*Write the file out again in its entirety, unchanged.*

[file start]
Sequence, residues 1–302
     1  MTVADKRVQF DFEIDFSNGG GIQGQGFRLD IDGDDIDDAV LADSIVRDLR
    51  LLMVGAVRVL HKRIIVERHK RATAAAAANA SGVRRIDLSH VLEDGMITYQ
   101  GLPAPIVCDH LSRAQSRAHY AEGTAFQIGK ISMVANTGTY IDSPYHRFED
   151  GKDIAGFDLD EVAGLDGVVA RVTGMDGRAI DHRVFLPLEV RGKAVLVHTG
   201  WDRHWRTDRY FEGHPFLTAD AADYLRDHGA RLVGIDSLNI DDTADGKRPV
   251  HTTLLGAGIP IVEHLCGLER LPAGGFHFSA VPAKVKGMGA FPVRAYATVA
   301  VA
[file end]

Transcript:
Sequence, residues 1–302
     1  MTVADKRVQF DFEIDFSNGG GIQGQGFRLD IDGDDIDDAV LADSIVRDLR
    51  LLMVGAVRVL HKRIIVERHK RATAAAAANA SGVRRIDLSH VLEDGMITYQ
   101  GLPAPIVCDH LSRAQSRAHY AEGTAFQIGK ISMVANTGTY IDSPYHRFED
   151  GKDIAGFDLD EVAGLDGVVA RVTGMDGRAI DHRVFLPLEV RGKAVLVHTG
   201  WDRHWRTDRY FEGHPFLTAD AADYLRDHGA RLVGIDSLNI DDTADGKRPV
   251  HTTLLGAGIP IVEHLCGLER LPAGGFHFSA VPAKVKGMGA FPVRAYATVA
   301  VA